Monarch Royal Reflex  –  Vintage Camera

Monarch Royal Reflex (three-quarter view, viewfinder open)

Monarch Royal Reflex (three-quarter view, viewfinder open)

Monarch Royal Reflex (three-quarter view, viewfinder open)

Monarch Royal Reflex (three-quarter view, viewfinder open)

Monarch Royal Reflex (front view, viewfinder open)

Monarch Royal Reflex (front view, viewfinder open)

Monarch Royal Reflex (rear view, viewfinder open)

Monarch Royal Reflex (rear view, viewfinder open)

Monarch Royal Reflex (top view)

Monarch Royal Reflex (top view)

Monarch Royal Reflex (bottom view)

Monarch Royal Reflex (bottom view)

Monarch Royal Reflex (with 35mm cassette for scale)

Monarch Royal Reflex (with 35mm cassette for scale)

Monarch Royal Reflex (three-quarter view, viewfinder open)Monarch Royal Reflex (three-quarter view, viewfinder open)Monarch Royal Reflex (front view, viewfinder open)Monarch Royal Reflex (rear view, viewfinder open)Monarch Royal Reflex (top view)Monarch Royal Reflex (bottom view)Monarch Royal Reflex (with 35mm cassette for scale)

Monarch Royal Reflex Specifications

Manufacturer: Monarch Mfg. Co.
   
Origin: USA
   
Made in: Chicago, IL, USA
   
Introduced: 1939
   
Type: Box, Viewfinder
   
Format: 127 Film
   
Dimensions: 6.7 x 13.6 x 6.3 cm
  6.7 x 16 x 6.3 cm (viewfinder open)

Monarch Royal Reflex Review

The Monarch Royal Reflex is a pseudo-TLR (a box camera that superficially resembles a twin lens reflex camera) made of an early plastic named Bakelite and introduced in 1939 by the Monarch Manufacturing Company. Monarch (sometimes also spelled “Monarck”), was just one of a many names that made up the Chicago Cluster—a collection of Chicago-based camera brands including Spartus, Acro, and Falcon which appear to be multiple fronts for a single manufacturer. As such, the Monarch Royal Reflex was also sold under different names such as the Monarch Kando Reflex, Remington Flex-Master, and Pickwick Reflex. Its basic design also exists in the form of models like the Metropolitan Clix-O-Flex, Metropolitan Metro-Flex, and the aluminum-bodied Utility Falcon-Flex.

Like most box cameras, the controls of the Monarch Royal Reflex are relatively simple. The 50mm f/7.7 Graf Achromat lens has three preset aperture settings: f/7.7, f/11, and f/16 which can be selected with the small metal tab at the six o’clock position of the lens barrel. The shutter lever at ten o’clock works in conjunction with a metal tab at four which selects one of two shutter speeds: Instant (approximately 1/60 of a second) and Time (the shutter stays open for as long as the shutter button is held down).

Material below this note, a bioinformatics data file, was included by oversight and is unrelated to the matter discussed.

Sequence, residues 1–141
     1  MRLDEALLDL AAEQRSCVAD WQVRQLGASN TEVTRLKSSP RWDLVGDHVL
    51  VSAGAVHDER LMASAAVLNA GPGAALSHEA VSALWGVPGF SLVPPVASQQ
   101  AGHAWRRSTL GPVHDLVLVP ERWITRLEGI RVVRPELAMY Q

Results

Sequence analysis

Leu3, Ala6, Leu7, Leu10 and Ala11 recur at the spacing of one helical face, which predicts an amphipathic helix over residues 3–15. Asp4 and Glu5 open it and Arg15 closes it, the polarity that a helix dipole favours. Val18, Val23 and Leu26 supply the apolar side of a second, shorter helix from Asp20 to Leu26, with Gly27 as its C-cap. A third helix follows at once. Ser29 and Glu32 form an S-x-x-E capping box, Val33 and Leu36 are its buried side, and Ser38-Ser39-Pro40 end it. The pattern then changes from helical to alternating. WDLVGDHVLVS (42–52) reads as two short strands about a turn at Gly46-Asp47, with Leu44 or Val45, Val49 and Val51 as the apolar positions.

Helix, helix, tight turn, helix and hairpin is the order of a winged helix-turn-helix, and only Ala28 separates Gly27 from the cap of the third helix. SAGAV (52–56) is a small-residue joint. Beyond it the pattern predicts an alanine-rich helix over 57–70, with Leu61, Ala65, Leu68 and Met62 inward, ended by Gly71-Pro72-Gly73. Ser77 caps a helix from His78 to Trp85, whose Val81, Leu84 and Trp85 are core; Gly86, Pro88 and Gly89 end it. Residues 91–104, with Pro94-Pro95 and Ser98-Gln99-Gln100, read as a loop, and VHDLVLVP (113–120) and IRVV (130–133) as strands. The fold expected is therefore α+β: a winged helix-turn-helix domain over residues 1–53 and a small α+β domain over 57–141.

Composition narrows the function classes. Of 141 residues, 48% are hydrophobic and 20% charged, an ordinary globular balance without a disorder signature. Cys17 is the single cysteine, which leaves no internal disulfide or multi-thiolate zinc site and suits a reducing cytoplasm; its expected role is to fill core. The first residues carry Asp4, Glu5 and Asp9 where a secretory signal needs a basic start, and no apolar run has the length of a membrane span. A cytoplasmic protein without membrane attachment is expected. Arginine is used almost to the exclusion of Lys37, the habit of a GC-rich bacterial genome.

In order to compose a photograph, the viewfinder hood on the Royal Reflex’s top plate must be flipped up to reveal a waist-level finder which shows the view through the top lens of the camera. Once the photograph is taken, the dual red windows on the back plate can be used alongside the knob on the user’s right-hand side of the camera advances the film to the next frame. When the roll of film is finished, the metal knob above the red windows can be unscrewed to remove the entire back plate for unloading and reloading.

My example is good but far from perfect. There are scratches all over the front plate, the viewfinder mirror is loose, and there’s a substantial chip in the corner of the film door. Even though the Monarch Royal Reflex is cheaply made and just one of many clones, this camera still has an undeniable charm to me. Besides, I’ll collect pretty much any camera that was made in Chicago.

References:

McKeown, James M. and Joan C. McKeown’s Price Guide to Antique and Classic Cameras, 2001-2002. (Grantsburg, WI, USA: Centennial Photo Service, 2001), p 459, 480, 650.

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